Poetry has immense reverberating power. Verse has that ability: We keep snippets and sections of it in our minds, carry our favorite poem’s lines with us like pendants, thinking on them in our time of need.
Poetry’s elasticity, the breadth of its expressiveness given the sparseness of its text, is immeasurably powerful. Poetry can pull us from fear and ground us in our reality, but perhaps — most remarkably — allows us to sit with someone, to feel their pain, their fear, their love and the wideness of their experience.
And poetry has always been a space for embodiment. This is something audaciously intrinsic to the medium: You, the reader, are involved in poetry’s invention and intention, transfigured by the word and the chasms of the page. To me, empathy in the written word is all about this active practice of embodiment: When something is written so wholly to the nature of a thing, we get a true sense of its weight. Empathy, after all, is not something that you are but something you do. We can all listen, we can all learn from one another — and here are three collections that will help you do just that.
“Empathy” by Mei-mei Berssenbrugge
Empathy, in Mei-mei Berssenbrugge’s lauded collection “Empathy,” goes beyond human connection and asks: What does it take to become someone, something beyond human existence? Empathy not only manifests humans in understanding and solidarity but is all-encompassing — bringing forth widened images of her speaker as a natural subject, of incorporeal feelings and sensations. In the book, we are asked to look beyond humanity, to understand what it may be like to be unexamined or animal. The poems feel more like fields of energy — Berssenbrugge so carefully created speculative worlds in lieu of poetry. By allowing us to sit in the discomfort of the world, she forces us to grapple with the subjects, and in turn, empathize with them.
“Words Under the Words” by Naomi Shihab Nye
If there is one thing celebrated Palestinian-American poet Naomi Shihab Nye is known for, it’s her sensitive approach to writing: Her poems are chaste in their verbiage. Her language is plain and simple as her metaphors concerning “bread,” “mountains” and “rivers” brim with the kindness and warmth of the human spirit. In “Words Under the Words,” Nye views the world with the utmost humanitarian spirit. In her work, every story, no matter how paltry, is one worth examining. Every person she recalls is a site of great tenderness and love. If there is one thing Nye loves, it’s the little things — what she loves more is understanding those things with the tenderness her poetry provides to the world. The collection’s most regarded poem says it best: “Then it is only kindness that makes sense anymore / only kindness that ties your shoes / and sends you out into the day to gaze at bread, / only kindness that raises its head / from the crowd of the world to say / It is I you have been looking for, / and then goes with you everywhere / like a shadow or a friend.”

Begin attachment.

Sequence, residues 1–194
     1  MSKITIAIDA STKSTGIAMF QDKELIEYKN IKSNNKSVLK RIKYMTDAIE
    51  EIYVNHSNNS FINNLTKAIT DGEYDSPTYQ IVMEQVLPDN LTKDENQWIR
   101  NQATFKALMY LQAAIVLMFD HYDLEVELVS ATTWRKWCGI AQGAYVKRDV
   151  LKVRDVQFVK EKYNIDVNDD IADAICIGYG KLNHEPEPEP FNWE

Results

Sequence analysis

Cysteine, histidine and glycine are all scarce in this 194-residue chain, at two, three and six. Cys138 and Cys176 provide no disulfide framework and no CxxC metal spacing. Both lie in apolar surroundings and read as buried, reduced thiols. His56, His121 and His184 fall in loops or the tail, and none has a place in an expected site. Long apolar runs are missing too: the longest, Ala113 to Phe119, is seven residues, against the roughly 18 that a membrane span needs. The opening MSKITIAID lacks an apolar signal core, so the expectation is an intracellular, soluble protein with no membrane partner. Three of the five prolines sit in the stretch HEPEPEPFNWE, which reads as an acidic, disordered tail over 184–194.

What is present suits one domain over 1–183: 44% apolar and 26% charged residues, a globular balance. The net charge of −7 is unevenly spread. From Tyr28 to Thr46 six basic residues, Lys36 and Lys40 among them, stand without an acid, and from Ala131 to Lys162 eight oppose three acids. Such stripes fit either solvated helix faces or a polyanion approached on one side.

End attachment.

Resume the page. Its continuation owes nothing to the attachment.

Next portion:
“Dream Work” by Mary Oliver
Mary Oliver, throughout her long-standing poetic career, spoke through nature. Reigniting pastoral poetry for a modern audience, Oliver’s work, derived from her long walks and nature excursions, aims to ruminate with nature in its most essential form — alone — and examine it with the utmost attention. Oliver’s care, her constant need to uncover something, is an immense act of poetic empathy. Perhaps, one of her most famous poems (first appearing in “Dream Work, Wild Geese”) exemplifies just this, saying, “You do not have to be good. / You do not have to walk on your knees / for a hundred miles through the desert repenting. / You only have to let the soft animal of your body / love what it loves.” Geese, to us, are maybe aggressive nuisances; Oliver, in her kind, empathetic mind, tells us more about them. She tells us what it means to be human. It is her curiosity, where a thing — say — an iris, a poplar, a band of wild geese making their way south, is not just that thing, but just as lived and just as loved as we are.
Daily Arts Contributor Yumna Dagher can be reached at firstname.lastname@example.org.